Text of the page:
Question about developing upper register

Discussion in 'Trumpet Discussion' started by Haste2, May 2, 2012.

  1. Haste2

    Haste2 Piano User

    294
    36
    Jun 16, 2010
    So, after years of playing without thinking about various bad habits, I've been trying to overcome them over the past year or so.... (apparently something huge is still crippling me as far as range and endurance) But I'm still working on that! Even though I'm asking about range here, my practice has been much more concerned about other aspects such as a phrasing, tonguing, and tone.

    Let's say that I -have- made significant progress in my body mechanics.... I still need to practice some range exercises each day to get ANY improvement, right? Nothing just "magically" improves through improved body mechanics, except perhaps general ease of playing, correct? Of course, it is said that good practicing also improves body mechanics....but then again, not all good practicing has range exercises.

    I'm getting tired of consistently hitting high C#s, but usually missing the Ds. You know of any reasonable range exercises that could likely expand my effective range to a high D, one measly half-step? (Regardless of whether I have overcome any major "bottlenecks" in my playing mechanics!)

    Keep in mind my chops are frail and can't handle consistent beatings (only occasionally) so working on this aspect can be tricky. I feel that my teacher gives me practice routines via Colin's lip slurs and such that beat me up a bit too much, even though these supposedly should help with my range. It seems like practicing quietly in the upper register (e.g. high Clarke #1 exercises, adding those reaching beyond high C) is actually more effective for me. One thing is for sure: Clarke #1s warm me up to playing the upper register MUCH more effectively that day. However, I've never really made those part of my daily exercises....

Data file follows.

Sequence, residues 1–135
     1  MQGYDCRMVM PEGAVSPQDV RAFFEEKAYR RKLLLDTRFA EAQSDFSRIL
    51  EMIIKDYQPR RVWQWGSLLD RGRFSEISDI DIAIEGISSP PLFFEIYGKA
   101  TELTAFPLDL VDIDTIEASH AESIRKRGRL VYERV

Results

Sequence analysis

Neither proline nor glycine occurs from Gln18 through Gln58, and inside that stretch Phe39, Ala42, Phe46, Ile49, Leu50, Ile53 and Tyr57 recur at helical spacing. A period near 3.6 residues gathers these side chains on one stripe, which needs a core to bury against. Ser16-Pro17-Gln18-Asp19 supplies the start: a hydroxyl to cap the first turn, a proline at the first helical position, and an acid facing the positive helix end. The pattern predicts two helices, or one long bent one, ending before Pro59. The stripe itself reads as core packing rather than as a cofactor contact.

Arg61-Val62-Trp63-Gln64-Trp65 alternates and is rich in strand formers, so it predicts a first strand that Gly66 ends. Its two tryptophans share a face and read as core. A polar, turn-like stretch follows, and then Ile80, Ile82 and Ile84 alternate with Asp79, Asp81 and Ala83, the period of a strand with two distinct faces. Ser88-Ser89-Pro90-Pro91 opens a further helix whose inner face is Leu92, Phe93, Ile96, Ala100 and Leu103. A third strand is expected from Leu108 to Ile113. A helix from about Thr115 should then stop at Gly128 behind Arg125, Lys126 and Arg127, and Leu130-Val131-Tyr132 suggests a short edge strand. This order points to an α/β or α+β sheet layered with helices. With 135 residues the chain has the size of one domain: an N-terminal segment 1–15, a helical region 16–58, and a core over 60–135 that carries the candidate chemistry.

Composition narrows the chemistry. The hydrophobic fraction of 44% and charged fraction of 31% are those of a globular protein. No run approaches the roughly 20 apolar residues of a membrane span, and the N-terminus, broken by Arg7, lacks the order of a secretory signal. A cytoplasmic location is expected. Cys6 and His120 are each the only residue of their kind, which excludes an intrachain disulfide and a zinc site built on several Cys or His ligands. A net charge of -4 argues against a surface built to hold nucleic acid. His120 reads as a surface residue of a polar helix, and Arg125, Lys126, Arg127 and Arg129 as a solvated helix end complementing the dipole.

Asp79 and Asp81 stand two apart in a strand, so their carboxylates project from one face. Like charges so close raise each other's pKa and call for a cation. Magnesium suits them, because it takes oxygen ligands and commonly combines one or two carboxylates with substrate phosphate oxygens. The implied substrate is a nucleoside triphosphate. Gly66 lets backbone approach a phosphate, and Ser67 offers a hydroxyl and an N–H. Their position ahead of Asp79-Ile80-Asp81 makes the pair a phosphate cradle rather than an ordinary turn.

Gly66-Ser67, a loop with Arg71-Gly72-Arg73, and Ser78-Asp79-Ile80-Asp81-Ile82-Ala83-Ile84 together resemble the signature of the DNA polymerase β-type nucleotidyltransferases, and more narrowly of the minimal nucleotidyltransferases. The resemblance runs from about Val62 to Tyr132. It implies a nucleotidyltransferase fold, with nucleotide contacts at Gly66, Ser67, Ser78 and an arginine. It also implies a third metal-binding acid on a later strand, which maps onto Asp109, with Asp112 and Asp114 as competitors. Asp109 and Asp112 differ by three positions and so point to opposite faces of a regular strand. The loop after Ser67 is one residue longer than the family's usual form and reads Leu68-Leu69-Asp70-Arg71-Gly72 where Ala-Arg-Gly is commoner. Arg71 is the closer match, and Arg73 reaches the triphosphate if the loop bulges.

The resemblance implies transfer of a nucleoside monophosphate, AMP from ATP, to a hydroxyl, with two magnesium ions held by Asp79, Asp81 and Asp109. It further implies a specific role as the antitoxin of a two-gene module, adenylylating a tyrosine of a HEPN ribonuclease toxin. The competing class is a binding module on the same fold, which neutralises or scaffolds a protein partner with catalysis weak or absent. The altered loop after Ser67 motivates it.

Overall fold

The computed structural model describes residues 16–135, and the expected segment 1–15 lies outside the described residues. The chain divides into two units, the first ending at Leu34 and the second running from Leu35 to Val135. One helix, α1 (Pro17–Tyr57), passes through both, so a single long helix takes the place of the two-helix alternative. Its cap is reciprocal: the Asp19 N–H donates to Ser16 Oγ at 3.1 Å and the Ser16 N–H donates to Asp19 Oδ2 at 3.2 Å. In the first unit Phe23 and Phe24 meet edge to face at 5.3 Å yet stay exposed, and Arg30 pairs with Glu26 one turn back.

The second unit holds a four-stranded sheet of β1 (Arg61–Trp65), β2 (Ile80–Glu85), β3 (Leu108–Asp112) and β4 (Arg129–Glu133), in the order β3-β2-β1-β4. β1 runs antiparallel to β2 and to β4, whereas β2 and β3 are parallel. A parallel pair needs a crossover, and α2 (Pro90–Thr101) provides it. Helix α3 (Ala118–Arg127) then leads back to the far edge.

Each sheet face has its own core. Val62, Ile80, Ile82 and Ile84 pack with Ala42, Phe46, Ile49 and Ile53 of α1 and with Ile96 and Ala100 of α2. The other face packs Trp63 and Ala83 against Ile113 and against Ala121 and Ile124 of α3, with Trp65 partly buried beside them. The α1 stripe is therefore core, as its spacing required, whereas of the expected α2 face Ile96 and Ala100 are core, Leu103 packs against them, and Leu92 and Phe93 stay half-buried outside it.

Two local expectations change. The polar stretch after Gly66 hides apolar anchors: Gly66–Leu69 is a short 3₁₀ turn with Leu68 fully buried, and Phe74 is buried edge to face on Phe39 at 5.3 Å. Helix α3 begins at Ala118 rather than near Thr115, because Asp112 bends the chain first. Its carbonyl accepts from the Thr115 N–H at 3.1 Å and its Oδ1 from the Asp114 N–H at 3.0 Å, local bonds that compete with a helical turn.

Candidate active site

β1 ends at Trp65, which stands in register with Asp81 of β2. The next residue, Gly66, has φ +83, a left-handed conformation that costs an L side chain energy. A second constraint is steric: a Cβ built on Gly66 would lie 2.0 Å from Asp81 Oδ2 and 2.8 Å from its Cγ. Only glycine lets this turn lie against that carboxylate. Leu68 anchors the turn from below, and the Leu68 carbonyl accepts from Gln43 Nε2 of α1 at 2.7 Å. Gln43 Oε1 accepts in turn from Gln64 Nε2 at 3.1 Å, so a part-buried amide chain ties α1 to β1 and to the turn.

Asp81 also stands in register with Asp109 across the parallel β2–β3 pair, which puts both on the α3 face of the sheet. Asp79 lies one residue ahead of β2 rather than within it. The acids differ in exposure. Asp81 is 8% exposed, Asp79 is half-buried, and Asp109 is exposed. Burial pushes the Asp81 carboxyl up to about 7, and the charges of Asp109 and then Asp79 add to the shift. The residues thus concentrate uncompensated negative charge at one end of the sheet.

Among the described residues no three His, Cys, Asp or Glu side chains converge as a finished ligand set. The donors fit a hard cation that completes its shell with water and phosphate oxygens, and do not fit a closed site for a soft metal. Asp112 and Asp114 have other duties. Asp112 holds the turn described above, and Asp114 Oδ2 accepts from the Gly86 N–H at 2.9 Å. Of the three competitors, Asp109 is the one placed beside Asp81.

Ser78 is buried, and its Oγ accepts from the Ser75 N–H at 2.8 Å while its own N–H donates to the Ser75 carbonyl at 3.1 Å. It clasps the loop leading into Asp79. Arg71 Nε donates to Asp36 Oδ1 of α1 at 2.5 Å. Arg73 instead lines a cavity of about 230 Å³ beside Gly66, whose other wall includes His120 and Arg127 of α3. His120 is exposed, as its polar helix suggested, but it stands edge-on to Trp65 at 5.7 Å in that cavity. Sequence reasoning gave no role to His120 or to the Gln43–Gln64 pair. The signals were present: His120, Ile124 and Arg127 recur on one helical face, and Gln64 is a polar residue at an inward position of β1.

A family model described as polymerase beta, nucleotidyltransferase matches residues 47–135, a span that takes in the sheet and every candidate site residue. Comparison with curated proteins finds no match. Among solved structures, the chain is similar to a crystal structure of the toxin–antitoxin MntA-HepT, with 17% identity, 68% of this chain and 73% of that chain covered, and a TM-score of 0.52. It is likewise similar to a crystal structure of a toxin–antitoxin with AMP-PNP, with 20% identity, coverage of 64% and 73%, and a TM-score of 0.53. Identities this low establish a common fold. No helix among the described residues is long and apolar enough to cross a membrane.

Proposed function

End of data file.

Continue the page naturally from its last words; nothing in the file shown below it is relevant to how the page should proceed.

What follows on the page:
2. rowuk

    rowuk Moderator Staff Member

    Age:
    61
    16,616
    7,965
    Jun 18, 2006
    Germany
    Haste,

    barring a medical issue, EVERYTHING gets better with improved body mechanics. We can't analyse what is going on with your face over the internet. There is nothing wrong with Clarke up an octave.

    Everything that we do not solve through body use has to be compensated for in the face. This is THE NUMBER ONE FACT that I have learned in 35+ years of teaching.